Jones' installation at the BMA consists of tiny sculptures that are the set designs for his opera, attached to the wall through pictures of partial moonscapes with the black sky above. During the show, a 25-minute tape recording of the completed first act of the opera will play.
Identity in a rabbit suit
Nayland Blake, who is gay and the son of an interracial marriage, is light-skinned enough to pass for white. In his work, he addresses the subject of "passing" or lying by omission -- allowing people to assume you are something you are not (i.e., that you are white when you are part black, that you are straight when you are gay).
Blake's installation will involve a stage setting and a video of the artist in a white rabbit suit. The rabbit refers to Harvey, the invisible 6-foot-tall rabbit in the play of the same name. The rabbit also refers to the fact that rabbits live both above and below the ground, visible and invisible. Dressed in his rabbit suit, Blake will be the "Invisible Man," a title that refers to Ralph Ellison's 1952 book about black life in America.
"The piece is very much about a personal search for meaning and connection to the world," Blake says. It explores "the way in which people of color and gay people are kind of at the margins of society."
He, too, declined to ascribe a didactic purpose to his work. "The work is the vehicle by which I can come to some understanding about my racial identity or my sexual identity. . . . I'm not teaching somebody a lesson about gayness or about race, because I don't feel like an expert in those things in general. I only know about my own experience."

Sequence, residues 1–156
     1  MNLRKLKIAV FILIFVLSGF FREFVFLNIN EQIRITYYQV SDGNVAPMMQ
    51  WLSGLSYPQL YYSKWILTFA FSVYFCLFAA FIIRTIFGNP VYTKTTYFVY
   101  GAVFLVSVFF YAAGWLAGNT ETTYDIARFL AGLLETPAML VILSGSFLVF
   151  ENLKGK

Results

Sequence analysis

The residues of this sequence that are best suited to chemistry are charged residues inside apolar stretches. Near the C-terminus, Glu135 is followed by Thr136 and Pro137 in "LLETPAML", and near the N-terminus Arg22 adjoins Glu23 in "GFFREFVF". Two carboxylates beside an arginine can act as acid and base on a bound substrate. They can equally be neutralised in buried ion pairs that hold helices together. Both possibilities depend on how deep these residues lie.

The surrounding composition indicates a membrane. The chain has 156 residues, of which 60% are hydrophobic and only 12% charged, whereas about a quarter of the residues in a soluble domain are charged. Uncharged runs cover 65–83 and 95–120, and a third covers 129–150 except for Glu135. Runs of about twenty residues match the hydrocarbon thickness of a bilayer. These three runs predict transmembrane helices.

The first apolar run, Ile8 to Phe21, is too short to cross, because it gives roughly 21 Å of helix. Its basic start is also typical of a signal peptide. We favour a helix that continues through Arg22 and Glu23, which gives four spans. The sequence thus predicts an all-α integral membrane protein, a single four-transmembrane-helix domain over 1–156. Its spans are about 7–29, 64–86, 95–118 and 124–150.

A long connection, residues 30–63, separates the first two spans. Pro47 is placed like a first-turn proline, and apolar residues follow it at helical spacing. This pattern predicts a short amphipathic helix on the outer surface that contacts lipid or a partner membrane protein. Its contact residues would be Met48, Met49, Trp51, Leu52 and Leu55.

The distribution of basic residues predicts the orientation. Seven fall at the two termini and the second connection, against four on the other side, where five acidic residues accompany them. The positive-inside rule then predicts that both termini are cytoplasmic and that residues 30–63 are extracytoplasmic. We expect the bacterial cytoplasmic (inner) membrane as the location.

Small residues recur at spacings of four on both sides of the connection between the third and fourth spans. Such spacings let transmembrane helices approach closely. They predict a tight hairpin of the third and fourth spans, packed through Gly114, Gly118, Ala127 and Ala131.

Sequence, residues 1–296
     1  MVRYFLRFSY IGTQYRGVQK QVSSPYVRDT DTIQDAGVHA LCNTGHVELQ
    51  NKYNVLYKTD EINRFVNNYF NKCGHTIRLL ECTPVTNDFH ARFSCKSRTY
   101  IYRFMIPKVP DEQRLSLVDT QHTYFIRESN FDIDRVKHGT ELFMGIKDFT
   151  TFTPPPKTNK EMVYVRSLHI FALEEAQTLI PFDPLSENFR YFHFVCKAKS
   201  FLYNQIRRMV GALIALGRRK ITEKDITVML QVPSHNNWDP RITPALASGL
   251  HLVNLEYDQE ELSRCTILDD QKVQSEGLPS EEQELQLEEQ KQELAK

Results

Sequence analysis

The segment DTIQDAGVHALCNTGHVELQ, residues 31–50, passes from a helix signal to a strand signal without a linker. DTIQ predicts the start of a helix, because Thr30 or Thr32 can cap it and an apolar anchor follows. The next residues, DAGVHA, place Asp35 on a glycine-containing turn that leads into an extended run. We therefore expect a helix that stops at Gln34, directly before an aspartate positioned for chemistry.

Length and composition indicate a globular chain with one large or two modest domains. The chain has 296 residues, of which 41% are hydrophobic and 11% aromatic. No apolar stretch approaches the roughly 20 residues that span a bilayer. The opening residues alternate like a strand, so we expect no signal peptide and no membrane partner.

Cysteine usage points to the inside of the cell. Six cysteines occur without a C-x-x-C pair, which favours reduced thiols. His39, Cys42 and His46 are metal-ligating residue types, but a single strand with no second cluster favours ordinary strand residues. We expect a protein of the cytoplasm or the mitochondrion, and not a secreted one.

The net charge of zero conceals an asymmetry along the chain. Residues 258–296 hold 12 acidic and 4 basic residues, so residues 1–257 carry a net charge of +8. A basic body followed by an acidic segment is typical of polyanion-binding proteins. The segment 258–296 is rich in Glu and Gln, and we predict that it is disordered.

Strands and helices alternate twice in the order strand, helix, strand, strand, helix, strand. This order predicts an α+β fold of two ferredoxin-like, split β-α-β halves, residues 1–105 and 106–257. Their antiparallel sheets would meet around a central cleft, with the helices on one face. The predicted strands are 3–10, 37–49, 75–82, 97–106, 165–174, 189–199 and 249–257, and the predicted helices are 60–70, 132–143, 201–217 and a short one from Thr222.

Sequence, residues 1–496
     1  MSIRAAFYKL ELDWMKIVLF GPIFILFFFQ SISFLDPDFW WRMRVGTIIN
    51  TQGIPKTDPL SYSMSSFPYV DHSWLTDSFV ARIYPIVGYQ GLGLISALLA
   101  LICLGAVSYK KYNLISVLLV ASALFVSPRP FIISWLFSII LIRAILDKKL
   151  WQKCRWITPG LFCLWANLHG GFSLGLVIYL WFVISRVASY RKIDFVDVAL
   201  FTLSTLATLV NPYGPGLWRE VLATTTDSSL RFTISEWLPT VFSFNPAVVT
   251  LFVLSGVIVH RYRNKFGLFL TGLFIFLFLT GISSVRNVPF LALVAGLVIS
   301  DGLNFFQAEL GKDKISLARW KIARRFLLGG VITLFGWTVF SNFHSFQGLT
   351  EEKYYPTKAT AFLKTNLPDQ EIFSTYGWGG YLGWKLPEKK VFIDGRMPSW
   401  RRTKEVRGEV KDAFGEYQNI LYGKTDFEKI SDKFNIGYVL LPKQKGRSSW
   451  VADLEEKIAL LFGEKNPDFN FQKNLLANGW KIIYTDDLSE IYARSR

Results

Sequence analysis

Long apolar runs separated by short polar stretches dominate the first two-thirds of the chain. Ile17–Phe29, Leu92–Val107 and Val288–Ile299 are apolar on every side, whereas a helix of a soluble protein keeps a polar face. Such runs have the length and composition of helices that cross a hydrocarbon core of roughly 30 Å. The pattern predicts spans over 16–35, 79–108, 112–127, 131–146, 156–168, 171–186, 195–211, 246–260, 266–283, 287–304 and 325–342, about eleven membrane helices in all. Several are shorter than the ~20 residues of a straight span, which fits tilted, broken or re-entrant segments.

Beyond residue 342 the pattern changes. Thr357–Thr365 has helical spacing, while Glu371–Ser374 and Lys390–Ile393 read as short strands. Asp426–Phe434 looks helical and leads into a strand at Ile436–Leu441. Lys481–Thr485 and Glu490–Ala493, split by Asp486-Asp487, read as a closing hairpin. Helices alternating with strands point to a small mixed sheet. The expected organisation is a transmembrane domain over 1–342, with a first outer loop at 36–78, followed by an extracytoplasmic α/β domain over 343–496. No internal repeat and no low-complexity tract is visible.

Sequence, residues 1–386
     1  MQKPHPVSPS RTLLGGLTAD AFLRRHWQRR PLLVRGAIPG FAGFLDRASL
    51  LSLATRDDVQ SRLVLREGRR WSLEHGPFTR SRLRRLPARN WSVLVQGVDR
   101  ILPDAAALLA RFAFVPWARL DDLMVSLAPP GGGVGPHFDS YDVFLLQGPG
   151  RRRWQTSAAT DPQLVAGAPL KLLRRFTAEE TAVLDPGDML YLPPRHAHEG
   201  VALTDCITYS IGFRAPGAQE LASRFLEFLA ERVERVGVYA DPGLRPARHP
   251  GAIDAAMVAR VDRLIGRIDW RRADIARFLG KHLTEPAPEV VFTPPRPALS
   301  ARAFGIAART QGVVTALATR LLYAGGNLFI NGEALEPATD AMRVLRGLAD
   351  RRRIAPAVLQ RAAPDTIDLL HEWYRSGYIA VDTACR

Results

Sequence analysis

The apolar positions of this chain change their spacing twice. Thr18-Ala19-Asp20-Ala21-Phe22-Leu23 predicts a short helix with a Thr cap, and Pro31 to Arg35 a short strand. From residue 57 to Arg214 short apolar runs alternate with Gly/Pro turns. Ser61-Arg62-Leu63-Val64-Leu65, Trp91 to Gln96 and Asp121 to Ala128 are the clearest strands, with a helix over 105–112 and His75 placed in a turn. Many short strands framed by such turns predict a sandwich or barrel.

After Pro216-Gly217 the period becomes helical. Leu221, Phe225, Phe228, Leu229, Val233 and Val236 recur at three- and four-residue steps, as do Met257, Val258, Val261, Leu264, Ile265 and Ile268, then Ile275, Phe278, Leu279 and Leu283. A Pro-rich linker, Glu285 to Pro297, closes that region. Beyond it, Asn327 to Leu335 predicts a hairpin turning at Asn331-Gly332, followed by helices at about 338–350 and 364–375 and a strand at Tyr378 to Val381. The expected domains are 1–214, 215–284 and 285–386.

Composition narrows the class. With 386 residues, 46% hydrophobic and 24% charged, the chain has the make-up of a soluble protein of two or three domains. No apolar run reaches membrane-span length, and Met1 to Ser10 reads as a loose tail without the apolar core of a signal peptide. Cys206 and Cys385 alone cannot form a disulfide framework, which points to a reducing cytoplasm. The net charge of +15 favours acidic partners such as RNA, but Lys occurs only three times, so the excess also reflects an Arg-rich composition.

Cindy Sherman became well-known in the 1980s for her photographs of herself as various figures, from people in movies to portrait subjects to characters in fairy tales. But for her last two series, which will be featured at the BMA, she did not use herself.
In the "Sex Pictures" of 1992, she photographed plastic mannequins from a medical supply house, often putting them in grotesque positions and revealing their sexual parts as a comment, in part, on pornography and censorship.
"I think what's interesting to me about the issue of pornography and censorship in relation to this work is that these images are really just bits of plastic and medical parts. . . . There are no human beings involved and nothing organic," she says.
The other series, which will have its debut in Baltimore, is called "Deterioration Pictures," and for it Sherman photographed fruits and vegetables in stages of deterioration over a period of a year or more. But they were filmed in extreme close-up, resulting in abstract images that can be interpreted in various ways. Some can be seen as animals or landscapes.
"I tried to choose an image as hard to identify as possible," the artist says.
If there is a connection between the "Sex Pictures" and the "Deterioration Pictures," Sherman thinks it may have to do with abstraction and representation.
"In a way the 'Sex Pictures' as they progressed became more abstract. . . . And the 'Deterioration Pictures' in a way became more realistic-looking, if you read it as a landscape, or if you interpret seeing little animals in there."
In a statement rare in its candor, Sherman says that in making the blown-up, full-size prints of the "Deterioration Pictures," she used a new printing process with disappointing results.
"They lost a lot of the color and nuance that are in the original slides," Sherman says. "I think the 'Sex Pictures' are going to come off as much more powerful. At this point, I'm in a sort of disappointed state. I just saw the blowups of the 'Deterioration Pictures' yesterday, and I was let down that they didn't look as beautiful as I'd hoped. I'd say to people that I still feel stronger about the 'Sex Pictures.' "
ART ON THE LINE
What: "Body and Soul"
Where: Baltimore Museum of Art, Art Museum Drive, near Charles and 31st streets
When: 10 a.m. to 4 p.m. Wednesdays through Fridays, 11 a.m. to 6 p.m. Saturdays and Sundays, this Wednesday through Oct. 9
Admission: $5.50 adults; $3.50 seniors and students; $1.50 ages 7 through 18; free on Thursdays
Call: (410) 396-7100